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Tibet-Documentary Filmmakers Draw Ire of Chinese Hackers

Tibet-Documentary Filmmakers Draw Ire of Chinese Hackers

Today in international tech news: Tibet documentarians learn about Chinese hacking the hard way; Russia puts its new Internet-cleansing law to use; rumors abound that Facebook is launching its own phone; and Chinese regulators might make WeChat users start paying.

By David Vranicar
04/01/13 9:25 AM PT

Members of a film crew working on State of Control, a documentary about Tibet, are convinced that the Chinese government is behind cyberattacks on their computers.

They've been faced with unknown parties taking external control over a computer's cursor; abrupt log-offs; at least one fried operating system; and DDoS attacks.

China has been getting plenty of attention for its cyberespionage campaign designed to snatch business secrets, but China apparently has a penchant for using cyberattacks to suppress free speech as well.

It figures, then, that a documentary about Tibet -- which, given the acrimony surrounding its incorporation into China in the 1950s, doesn't have the most benevolent past with Beijing -- would rile China.

The attacks on the documentary crew allegedly began in 2008, when filmmakers headed to India and Nepal to talk with people in Tibetan communities. Among their complaints: One of the crew members was repeatedly spontaneously logged out of Gmail, her laptop screen flashed mysteriously, and her cellphone calls were interrupted by clicking noises and Chinese voices. DDoS attacks disabled the websites of other crew members. China has been linked to cyberattacks on The New York Times, as well as The Wall Street Journal and The Washington Post.

[Source: The Washington Post]

Russia Uses New Law to Pressure Websites

Having recently passed a law that allows it to block Internet content that might harm children, the Russian government has forced Facebook, Twitter and YouTube to remove materials it finds objectionable.

Google-owned YouTube is reportedly the only site to resist.

Supporters of the law claim it is merely protecting children from the dregs of the Web. Detractors says that the law will lead to broad Internet censorship, and that it will be used to neuter social networks that help organize protests, including those against President Vladimir Putin.

Up to this point, however, it appears the law has been used only to expunge truly distasteful content. On Friday, Facebook took down a suicide-related page after it was told failing to do so would result in the site being blocked in Russia.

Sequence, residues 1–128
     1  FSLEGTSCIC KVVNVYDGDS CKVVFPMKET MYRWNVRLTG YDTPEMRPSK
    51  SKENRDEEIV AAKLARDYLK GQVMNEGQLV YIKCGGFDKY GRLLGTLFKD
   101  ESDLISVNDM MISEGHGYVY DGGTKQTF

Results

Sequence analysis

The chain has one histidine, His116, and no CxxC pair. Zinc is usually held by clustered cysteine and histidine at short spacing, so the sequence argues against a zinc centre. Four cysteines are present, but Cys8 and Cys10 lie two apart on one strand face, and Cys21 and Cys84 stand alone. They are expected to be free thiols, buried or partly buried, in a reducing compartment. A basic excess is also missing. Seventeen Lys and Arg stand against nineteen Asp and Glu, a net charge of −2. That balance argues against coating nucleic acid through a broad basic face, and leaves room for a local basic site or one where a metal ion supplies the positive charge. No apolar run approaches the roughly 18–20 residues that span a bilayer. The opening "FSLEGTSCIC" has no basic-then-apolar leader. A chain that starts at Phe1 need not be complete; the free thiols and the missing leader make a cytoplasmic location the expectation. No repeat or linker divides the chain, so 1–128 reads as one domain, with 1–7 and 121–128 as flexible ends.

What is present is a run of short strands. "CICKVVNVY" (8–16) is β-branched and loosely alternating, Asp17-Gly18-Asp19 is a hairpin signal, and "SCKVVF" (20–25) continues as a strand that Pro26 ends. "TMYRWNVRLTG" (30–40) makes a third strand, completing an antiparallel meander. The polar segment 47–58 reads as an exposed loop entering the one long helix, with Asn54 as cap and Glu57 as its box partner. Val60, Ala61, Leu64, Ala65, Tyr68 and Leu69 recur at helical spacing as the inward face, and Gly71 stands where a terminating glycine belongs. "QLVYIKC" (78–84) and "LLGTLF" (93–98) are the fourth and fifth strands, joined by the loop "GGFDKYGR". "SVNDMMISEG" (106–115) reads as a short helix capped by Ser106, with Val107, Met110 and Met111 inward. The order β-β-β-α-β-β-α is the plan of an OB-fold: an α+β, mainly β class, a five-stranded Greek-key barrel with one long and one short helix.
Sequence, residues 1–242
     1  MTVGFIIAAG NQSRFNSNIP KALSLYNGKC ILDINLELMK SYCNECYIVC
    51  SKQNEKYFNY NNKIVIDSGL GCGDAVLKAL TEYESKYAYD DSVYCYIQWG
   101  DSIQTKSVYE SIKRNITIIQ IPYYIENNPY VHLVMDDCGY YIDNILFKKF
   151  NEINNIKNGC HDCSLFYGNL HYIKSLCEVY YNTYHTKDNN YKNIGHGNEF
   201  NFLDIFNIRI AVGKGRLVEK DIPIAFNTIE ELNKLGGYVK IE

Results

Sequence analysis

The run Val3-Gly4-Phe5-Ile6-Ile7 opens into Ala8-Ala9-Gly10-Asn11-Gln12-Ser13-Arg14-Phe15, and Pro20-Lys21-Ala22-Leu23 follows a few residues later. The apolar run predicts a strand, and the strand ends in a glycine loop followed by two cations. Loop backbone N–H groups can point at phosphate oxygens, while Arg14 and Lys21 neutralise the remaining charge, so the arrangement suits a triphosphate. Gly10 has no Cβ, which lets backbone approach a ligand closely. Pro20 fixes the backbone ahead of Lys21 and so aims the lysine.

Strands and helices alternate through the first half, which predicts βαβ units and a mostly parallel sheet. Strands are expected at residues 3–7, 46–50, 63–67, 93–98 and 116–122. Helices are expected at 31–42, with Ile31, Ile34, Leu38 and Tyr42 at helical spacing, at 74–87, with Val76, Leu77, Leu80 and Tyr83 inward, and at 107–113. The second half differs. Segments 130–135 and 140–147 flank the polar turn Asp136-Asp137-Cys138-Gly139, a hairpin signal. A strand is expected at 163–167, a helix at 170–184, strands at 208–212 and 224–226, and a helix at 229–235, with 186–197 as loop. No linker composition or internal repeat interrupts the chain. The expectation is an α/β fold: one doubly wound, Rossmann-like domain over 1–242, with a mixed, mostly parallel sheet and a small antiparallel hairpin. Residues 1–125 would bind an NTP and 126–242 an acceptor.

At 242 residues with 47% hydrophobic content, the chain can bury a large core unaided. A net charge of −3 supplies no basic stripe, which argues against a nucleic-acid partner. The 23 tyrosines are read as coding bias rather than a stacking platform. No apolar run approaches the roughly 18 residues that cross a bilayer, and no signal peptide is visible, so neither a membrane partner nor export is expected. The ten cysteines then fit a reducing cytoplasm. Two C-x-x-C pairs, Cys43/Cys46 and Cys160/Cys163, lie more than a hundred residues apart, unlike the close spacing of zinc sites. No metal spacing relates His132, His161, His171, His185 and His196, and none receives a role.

[Source: The New York Times]

Rumor: Facebook Teaming With HTC on Smartphone

Facebook will unveil a Facebook phone next week, according to the smartphone industry rumor mill.

OK, the reports are not totally unsubstantiated. Media have been notified of an event at Facebook headquarters Thursday with invitations adorned with the note, "Come See Our New Home on Android." Also, leaked documents suggest that rumors of a collaboration with Taiwanese manufacturer HTC are legitimate.

The phone -- if there is one -- is expected to have a 5-megapixel rear lens for photos, a 1.6-megapixel front lens for video calls and 16 gigabytes of storage. While all that is par for the course, the phone is expected to have atypical software, including easier access to instant messages and Instagram apps, while the home screen will also display a Facebook news feed.

An advertising campaign is reportedly already in the works.

[Source: The Guardian]

WeChat Could Start Charging

Users of WeChat, a Chinese messaging app that has dreamed of going global, may have to start paying fees because of complaints by China's major telecommunications operators.

The telecoms think WeChat, which has 300 million worldwide users, takes up too much bandwidth to be given away for free.

[Source: Shanghai Daily]


David Vranicar is a freelance journalist and author of The Lost Graduation: Stepping off campus and into a crisis. You can check out his ECT News archive here, and you can email him at david[dot]vranicar[at]newsroom[dot]ectnews[dot]com.


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